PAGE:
Thursday, August 4, 2016

A Bouillabaisse Of Economic Errors On The $15 Minimum Wage

By Tim Worstall. Excerpts:
"And the empirics tell us that it does actually cost jobs. Black youth unemployment rates of 30% sure come from somewhere, after all. And David Neumark has found that 10% rises in the minimum wage lead to 1 and 2% declines in teen employment rates. That is where we’d expect the minimum wage to bind, after all, on the young, untrained and untested."

"That’s another of those empirical questions. Sure, profit is what is left over of the value created after you’ve paid the labour and other costs. But what’s a “lot” in this context? 3% of turnover like retail and fast food seems to make? 8% of all economic activity which is about US domestic corporate profits (no, those higher numbers of 12 and 14% are about profits of American corporations, adding in foreign profits)? And what’s a lot when margins are 3%, labour costs 20% and someone proposes a 100% pay rise?
Today’s low-wage workers are far better educated than in 1968: 46 percent have some college compared to 17 percent in 1968, and 79 percent have high school diploma versus 48 percent in 1968. Yet they earn 23 percent less!
That assertion links to something at the EPI and Komlos seems not to actually understand it. What is being looked at is the educational qualifications of the 20% lowest wage earners. Which have indeed gone up. But what is also being looked at is the minimum wage, not the wage of the lowest 20% of wage earners. That minimum wage is indeed lower than it was back then. But a very much smaller portion of the population get the minimum wage now than then. The earliest year we’ve really got the number for is 1979 when 13% of workers got the minimum wage. Today the number is in the 2-4% range (depends whether you want to include tipped work or not). It wouldn’t surprise that back in 1968 near 20% got the minimum wage of the day although I’d not want to insist that it were true.
When we actually look at wages by percentile we find that they haven’t fallen for the bottom 20% at all. Not risen really either, but they’ve not fallen."
"And today’s economy is characterized by mega-oligopolies wielding stupendous power and making stupendous profits — $2.2 trillion worth in 2015.
Profits are a large number, yes. The US has a large economy too. $18 trillion or so, meaning that this is 12% of GDP. And that’s the number before taxes are paid too and includes those foreign profits of Apple AAPL -0.01%, Google GOOGL -0.19% and the like – Apple’s foreign profits alone are some measurable percentage of GDP.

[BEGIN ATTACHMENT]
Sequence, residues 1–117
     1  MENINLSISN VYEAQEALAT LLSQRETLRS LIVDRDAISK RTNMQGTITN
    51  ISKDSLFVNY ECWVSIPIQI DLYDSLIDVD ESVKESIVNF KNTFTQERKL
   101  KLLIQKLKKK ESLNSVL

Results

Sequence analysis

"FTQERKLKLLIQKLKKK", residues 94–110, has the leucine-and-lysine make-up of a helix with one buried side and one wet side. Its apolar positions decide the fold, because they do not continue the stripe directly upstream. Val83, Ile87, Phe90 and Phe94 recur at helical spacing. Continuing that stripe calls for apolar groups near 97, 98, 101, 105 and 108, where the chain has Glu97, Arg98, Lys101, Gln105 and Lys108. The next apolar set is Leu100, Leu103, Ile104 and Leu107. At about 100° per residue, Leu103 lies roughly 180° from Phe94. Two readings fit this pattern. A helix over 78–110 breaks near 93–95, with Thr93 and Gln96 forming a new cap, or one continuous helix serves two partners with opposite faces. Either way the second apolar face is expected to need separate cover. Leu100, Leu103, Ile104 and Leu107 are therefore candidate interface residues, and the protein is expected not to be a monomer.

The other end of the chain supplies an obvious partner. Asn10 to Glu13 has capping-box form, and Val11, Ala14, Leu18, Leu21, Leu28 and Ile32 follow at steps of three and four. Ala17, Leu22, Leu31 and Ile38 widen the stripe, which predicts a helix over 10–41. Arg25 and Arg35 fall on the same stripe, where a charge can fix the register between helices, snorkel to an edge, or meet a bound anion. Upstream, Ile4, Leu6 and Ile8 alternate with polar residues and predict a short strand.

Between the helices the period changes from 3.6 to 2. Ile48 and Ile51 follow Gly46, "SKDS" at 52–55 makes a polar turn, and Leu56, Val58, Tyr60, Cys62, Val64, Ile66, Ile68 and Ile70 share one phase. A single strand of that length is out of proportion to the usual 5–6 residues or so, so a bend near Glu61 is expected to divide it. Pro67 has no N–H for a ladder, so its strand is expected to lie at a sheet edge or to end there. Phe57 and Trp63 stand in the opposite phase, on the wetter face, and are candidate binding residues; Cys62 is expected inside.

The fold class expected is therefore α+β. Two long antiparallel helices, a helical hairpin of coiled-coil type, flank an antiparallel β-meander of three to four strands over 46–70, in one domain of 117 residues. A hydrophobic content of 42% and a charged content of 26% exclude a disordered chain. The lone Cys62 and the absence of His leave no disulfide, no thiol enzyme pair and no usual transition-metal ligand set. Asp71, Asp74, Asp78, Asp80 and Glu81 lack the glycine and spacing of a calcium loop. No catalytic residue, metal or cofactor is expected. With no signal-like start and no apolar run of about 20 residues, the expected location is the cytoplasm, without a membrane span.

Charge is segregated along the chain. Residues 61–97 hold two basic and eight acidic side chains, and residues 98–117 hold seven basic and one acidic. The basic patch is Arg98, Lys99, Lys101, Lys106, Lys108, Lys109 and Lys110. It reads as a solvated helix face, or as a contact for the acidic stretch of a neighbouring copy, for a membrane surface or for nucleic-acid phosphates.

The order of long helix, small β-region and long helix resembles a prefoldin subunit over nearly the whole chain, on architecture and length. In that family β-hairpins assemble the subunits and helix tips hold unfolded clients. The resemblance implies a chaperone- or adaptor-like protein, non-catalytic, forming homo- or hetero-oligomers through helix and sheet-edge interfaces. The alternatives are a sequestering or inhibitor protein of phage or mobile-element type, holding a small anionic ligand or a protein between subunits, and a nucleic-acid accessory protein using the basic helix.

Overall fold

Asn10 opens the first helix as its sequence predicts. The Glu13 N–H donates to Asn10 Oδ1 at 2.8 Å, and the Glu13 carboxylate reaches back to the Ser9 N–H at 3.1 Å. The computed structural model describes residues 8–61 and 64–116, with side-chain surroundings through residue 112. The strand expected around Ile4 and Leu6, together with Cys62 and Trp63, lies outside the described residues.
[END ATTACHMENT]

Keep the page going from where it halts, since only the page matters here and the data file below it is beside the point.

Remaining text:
Here are some examples: Walmart made $19.2 billion in 2015
Quite so. That’s global profits, not just US, but let’s pretend. Walmart has 1.4 million US associates or thereabouts. If they all work full time (they don’t), they all get minimum wage (they don’t) and then we raise it to $15, what happens to those profits? That’s about 3 billion hours of work a year meaning that a $7.75 an hour wage rise more than wipes out the entirety of those profits. That is, Walmart doesn’t have plenty of money to pay such higher wages, it will go bust if it does.
Seattle’s minimum wage jumped from $9.47 to $11 in April 2015. Prior to that, the town of SeaTac, also in the state of Washington, implemented an increase to $15 in early 2014. Yet the unemployment rate did not increase at all; instead it fell in SeaTac from 6 percent to today’s 5.3 percent (in line with national trends), and employment is up by 6 percent since the enactment of the law.
Indeed so. And minimum wage employment is down in Seattle compared to where it would have been without the wage rise.
Raising the minimum wage has not hurt anyone except the boogeyman in the imagination of the 1 percenters and their entourage.
Sadly for the case put forward by Professor Komlos that’s not what the empirical evidence tells us at all."

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